Textile artist Marianne Kemp is a specialist in weaving with horsehair. She is passionate about exploring unconventional weaving techniques in her art. That passion, combined with her craftsmanship, is clearly visible in the work she creates. “I’m fascinated by the movement of the weavings, how the horsehair manifests in the net of the weaving technique,” she says.
Some creations, almost-mathematically precise, challenge viewers to become introverted and still. Other work is more extroverted and playful, displaying an exuberant cheerfulness. In either case, her work attracts the eye and stimulates an urge to touch For Tube Waves, for example, Kemp found her inspiration in the rhythm of the waves. “The flowing colors, going from light silver to aqua, dark purple/blue to deep green, are rendered in the three-dimensional weaving technique I’ve created,” she explains. The ‘tubes’ flow in and over each other, which makes them appear to dance off the surface, depending on your position. From a distance, it’s a dynamic piece; upon closer inspection, there are many different details to discover.”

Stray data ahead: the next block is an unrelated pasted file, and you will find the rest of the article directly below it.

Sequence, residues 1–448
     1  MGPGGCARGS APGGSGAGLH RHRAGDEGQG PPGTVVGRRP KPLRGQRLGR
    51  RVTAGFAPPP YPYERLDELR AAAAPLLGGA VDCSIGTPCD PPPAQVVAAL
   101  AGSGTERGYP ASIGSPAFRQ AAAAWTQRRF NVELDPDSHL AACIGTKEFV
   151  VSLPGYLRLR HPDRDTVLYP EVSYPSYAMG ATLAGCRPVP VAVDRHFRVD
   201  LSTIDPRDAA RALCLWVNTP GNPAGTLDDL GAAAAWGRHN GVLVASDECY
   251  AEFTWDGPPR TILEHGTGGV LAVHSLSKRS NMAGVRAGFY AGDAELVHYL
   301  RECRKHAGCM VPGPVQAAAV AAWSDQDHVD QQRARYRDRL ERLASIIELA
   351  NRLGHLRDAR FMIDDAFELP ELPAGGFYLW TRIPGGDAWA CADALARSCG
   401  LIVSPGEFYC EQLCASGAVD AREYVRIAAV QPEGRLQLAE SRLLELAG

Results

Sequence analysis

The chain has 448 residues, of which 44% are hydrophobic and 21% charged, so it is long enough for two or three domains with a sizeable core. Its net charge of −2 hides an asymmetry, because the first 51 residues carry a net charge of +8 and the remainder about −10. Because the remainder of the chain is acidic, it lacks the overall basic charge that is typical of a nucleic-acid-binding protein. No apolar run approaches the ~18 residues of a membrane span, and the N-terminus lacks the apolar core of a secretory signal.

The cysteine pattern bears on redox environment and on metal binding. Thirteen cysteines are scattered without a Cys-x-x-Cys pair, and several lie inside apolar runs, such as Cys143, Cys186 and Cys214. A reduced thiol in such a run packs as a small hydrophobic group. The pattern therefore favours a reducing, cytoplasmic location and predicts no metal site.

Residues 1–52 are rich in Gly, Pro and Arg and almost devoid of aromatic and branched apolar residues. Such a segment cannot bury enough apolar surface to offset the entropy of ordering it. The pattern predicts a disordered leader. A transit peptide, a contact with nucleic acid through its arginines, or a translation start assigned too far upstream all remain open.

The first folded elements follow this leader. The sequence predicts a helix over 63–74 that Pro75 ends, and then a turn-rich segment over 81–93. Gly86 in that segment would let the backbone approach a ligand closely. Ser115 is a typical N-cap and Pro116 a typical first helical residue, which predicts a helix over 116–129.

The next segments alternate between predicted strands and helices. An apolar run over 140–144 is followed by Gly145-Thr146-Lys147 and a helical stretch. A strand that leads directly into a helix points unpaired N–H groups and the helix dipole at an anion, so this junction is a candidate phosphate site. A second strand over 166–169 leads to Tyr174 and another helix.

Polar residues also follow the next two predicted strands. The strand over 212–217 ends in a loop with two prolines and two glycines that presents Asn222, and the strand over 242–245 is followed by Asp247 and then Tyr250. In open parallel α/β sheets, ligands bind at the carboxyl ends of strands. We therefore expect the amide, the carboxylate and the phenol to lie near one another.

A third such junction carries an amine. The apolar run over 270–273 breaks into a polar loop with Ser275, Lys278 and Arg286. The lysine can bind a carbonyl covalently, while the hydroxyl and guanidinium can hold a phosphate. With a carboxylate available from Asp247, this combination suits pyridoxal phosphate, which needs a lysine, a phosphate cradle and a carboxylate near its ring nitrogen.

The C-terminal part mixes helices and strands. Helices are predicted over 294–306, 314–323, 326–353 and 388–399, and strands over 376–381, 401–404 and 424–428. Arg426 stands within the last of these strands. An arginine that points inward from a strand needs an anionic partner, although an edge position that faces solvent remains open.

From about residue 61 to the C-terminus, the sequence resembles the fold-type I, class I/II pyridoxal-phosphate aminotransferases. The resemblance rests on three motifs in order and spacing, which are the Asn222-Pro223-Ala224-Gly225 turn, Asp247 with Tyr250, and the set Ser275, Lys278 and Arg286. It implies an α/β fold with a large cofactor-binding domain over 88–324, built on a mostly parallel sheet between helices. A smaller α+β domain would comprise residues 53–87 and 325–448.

Kemp has combined an interest in an architectural weaving process with an appreciation for organic material, creating objects with elements that change space but are experienced as one. In Vibrant Conversation, the top and the bottom layer are embraced in a knot, showing an array of different perceptions in cultural traditions. The work endeavors to tie different generations together via storytelling, confronting collective knowledge with new experiences, prompting new insights.
In the stitched and woven Orchid, dyed red horsehair woven in between a delicate herringbone background highlights Kemp’s supreme eye for detail. For Kemp weaving is a form of meditation. “It is the only time of day that I do one thing at the time and think (solely) about one thing,” Kemp says. Weaving allows Kemp to give her brain a rest and explore her creative intuition — a good outcome for us.